The “nocebo” theory to discredit victims was first promulgated by Simon Chapman of the University of Sydney (Australia) School of Public Health. It is easily dismissed itself. For example:

Shrine of the Holy Vortex Martyrs


September 2, 2016 at 1:32 pm

From 2013: List of non-industry non-government published reviews regarding wind turbines and health –

From last Friday: Noise & Health 2016;18(83):194-205 – ‘Before–after field study of effects of wind turbine noise on polysomnographic sleep parameters’:

‘Fragmented and insufficient sleep can adversely affect general health impacting daytime alertness and performance, quality of life, and health, and potentially lead to serious long-term health effects. …

‘[R]eported quality of sleep significantly declined after exposure (P = 0.008). Participants also reported higher levels of stress before bedtime (P = 0.039) and in the morning (P = 0.064), and also reported feeling more sleepy (P = 0.013) in the morning and throughout the day (P = 0.014) after exposure. …

‘Noise difference [between preoperation and operation of turbines] correlated with the difference in the number of awakenings (r = 0.605, P = 0.001), SSC [sleep stage changes to a lighter stage] difference (r = 0.600, P = 0.001), arousal difference (r = 0.551, P = 0.004), and percentage of S2 [stage 2 sleep] difference (r = −0.499, P = 0.009).’

John S. Walters (Post author)
September 2, 2016 at 1:36 pm

Lovely. Numbers and fractions and multiple decimal places and everything. Just one question: If all this is true, how come the overwhelming majority of those who live near turbines report no ill effects?

September 2, 2016 at 1:59 pm

[comment rejected (update: comments published Sept. 6 after Walters was ready with his non sequitur dismissals)]

Yes, lower quality of sleep and disruption have been documented for more than a decade. In fact, before commercial turbines reached such large size around 2000, the ill effects on neighbors of a large research turbine were studied and reported by NASA in 1982. See:

What is the basis of the claim that “the overwhelming majority of those who live near turbines report no ill effects”?

September 2, 2016 at 5:59 pm

[comment rejected]

Speaking of “holy places”, here’s Garret Keizer in the June 2007 Harper’s Magazine:

‘Apparently, this place that has never had much use to the larger world beyond that of hosting a new prison or a solid-waste dump turns out to be an ideal location for an industrial “wind farm,” ideal mostly because the people are too few and too poor to offer much in the way of resistance. So far only one of the towns affected has “volunteered” — in much the same way and for most of the same reasons as our children volunteer for service in Iraq — to be the site of what might be described as a vast environmentalist grotto of 400-foot-high spinning “crosses” before which the state’s green progressives will be able to genuflect and receive absolution before zooming back to their prodigiously wired lives.’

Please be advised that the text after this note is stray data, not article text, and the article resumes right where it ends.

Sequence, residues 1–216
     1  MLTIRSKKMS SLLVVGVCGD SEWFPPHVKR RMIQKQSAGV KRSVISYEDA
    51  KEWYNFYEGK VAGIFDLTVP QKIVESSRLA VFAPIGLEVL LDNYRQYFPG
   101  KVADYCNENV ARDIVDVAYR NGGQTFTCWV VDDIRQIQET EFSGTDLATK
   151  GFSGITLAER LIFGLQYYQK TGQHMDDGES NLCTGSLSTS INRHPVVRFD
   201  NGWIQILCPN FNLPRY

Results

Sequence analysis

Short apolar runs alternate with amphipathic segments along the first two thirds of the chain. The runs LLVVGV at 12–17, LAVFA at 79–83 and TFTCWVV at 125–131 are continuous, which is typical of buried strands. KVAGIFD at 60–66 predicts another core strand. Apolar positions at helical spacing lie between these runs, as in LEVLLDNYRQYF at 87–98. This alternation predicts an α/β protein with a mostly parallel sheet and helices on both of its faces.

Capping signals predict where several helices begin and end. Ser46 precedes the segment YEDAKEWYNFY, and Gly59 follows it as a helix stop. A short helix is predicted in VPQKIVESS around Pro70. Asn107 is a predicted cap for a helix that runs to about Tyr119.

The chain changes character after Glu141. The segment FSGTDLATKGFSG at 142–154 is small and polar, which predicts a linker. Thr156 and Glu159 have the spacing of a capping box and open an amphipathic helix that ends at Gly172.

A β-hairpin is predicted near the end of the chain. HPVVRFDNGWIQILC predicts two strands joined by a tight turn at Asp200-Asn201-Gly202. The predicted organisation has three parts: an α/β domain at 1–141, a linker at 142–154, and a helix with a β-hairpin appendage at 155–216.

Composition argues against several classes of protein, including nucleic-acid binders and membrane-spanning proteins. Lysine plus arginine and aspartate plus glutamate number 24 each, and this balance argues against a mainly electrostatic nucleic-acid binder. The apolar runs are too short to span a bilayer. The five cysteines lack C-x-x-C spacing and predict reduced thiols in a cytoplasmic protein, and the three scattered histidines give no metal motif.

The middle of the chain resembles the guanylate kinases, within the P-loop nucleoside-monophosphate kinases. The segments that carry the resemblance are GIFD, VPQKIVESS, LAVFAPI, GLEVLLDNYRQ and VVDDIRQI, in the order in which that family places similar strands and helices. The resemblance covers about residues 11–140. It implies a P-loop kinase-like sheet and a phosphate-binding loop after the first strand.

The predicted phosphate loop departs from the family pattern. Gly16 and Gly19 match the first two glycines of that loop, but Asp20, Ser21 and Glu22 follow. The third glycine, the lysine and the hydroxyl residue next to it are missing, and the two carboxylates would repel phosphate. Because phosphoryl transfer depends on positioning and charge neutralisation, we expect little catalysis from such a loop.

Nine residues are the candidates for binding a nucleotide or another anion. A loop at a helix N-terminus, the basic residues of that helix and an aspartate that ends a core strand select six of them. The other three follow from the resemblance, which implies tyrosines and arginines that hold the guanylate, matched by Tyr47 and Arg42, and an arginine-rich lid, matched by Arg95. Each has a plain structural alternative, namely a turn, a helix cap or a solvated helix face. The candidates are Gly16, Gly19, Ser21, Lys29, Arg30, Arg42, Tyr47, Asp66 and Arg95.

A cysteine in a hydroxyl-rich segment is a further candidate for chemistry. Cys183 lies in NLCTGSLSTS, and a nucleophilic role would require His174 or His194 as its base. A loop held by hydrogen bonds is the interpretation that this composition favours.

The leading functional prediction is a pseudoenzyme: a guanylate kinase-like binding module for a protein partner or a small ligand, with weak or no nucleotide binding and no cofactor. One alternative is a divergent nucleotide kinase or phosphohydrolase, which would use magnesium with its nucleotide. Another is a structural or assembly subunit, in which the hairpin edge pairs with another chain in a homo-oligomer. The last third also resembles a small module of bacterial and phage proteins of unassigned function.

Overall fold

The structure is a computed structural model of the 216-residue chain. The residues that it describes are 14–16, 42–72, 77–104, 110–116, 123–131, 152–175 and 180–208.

September 2, 2016 at 7:57 pm

[comment rejected]

The Maori in New Zealand and Aboriginal peoples of Australia also know about holy places, and they too must continually fight to protect them from the heedless zealotry of industrial wind development.

[[[[ | ]]]]

This just in from Northern Ireland, for but one more example of the problem:
Court Order Stops Noisy Wind Turbine

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VCE’s Investigation into the Environmental Health of the Lowell Mountains with Industrial Wind Turbines – July 2016

Vermonters for a Clean Environment's Blog


Screen Shot 2016-01-08 at 7.43.21 PM

1.  The “wet” ponds are predominantly dry or are not holding the volume of water necessary to provide water quality treatment as required by the VT Stormwater Management Manual.  Further, it is highly probable that instead of flowing through the outlet structure, stormwater is simply passing through the rock berms bypassing the water quality and peak flow attenuation necessary.  This seepage is also highly likely causing the iron seeps to form (see below).



Stormwater ponds and level spreaders receive sedimentation that is regularly cleaned out and deposited uphill and seeded.


Screen Shot 2016-03-04 at 12.57.26 PM

2.  The iron seeps that are being found at the project perimeter, and specifically downslope of stormwater management features is being caused by stormwater or intercepted groundwater flowing over sulfide bearing rock and leaching out metals, and in particular iron. 


When this occurs, the seep is comprised of a low pH (acid) floc that will both smother vegetation, wetlands…

View original post 983 more words

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The Arnstein ladder of citizen participation

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Circle jerks of peer review

Frontiers in Public Health helpfully publishes the review information of its articles:

Chapman S, Joshi K and Fry L (2014). Fomenting sickness: nocebo priming of residents about expected wind turbine health harms. Front. Public Health 2:279. doi: 10.3389/fpubh.2014.00279
Edited by:  Loren Knopper, Intrinsik Environmental Sciences, Canada [industry consultant, co-author of reviews denying health effects of wind turbine noise]
Reviewed by: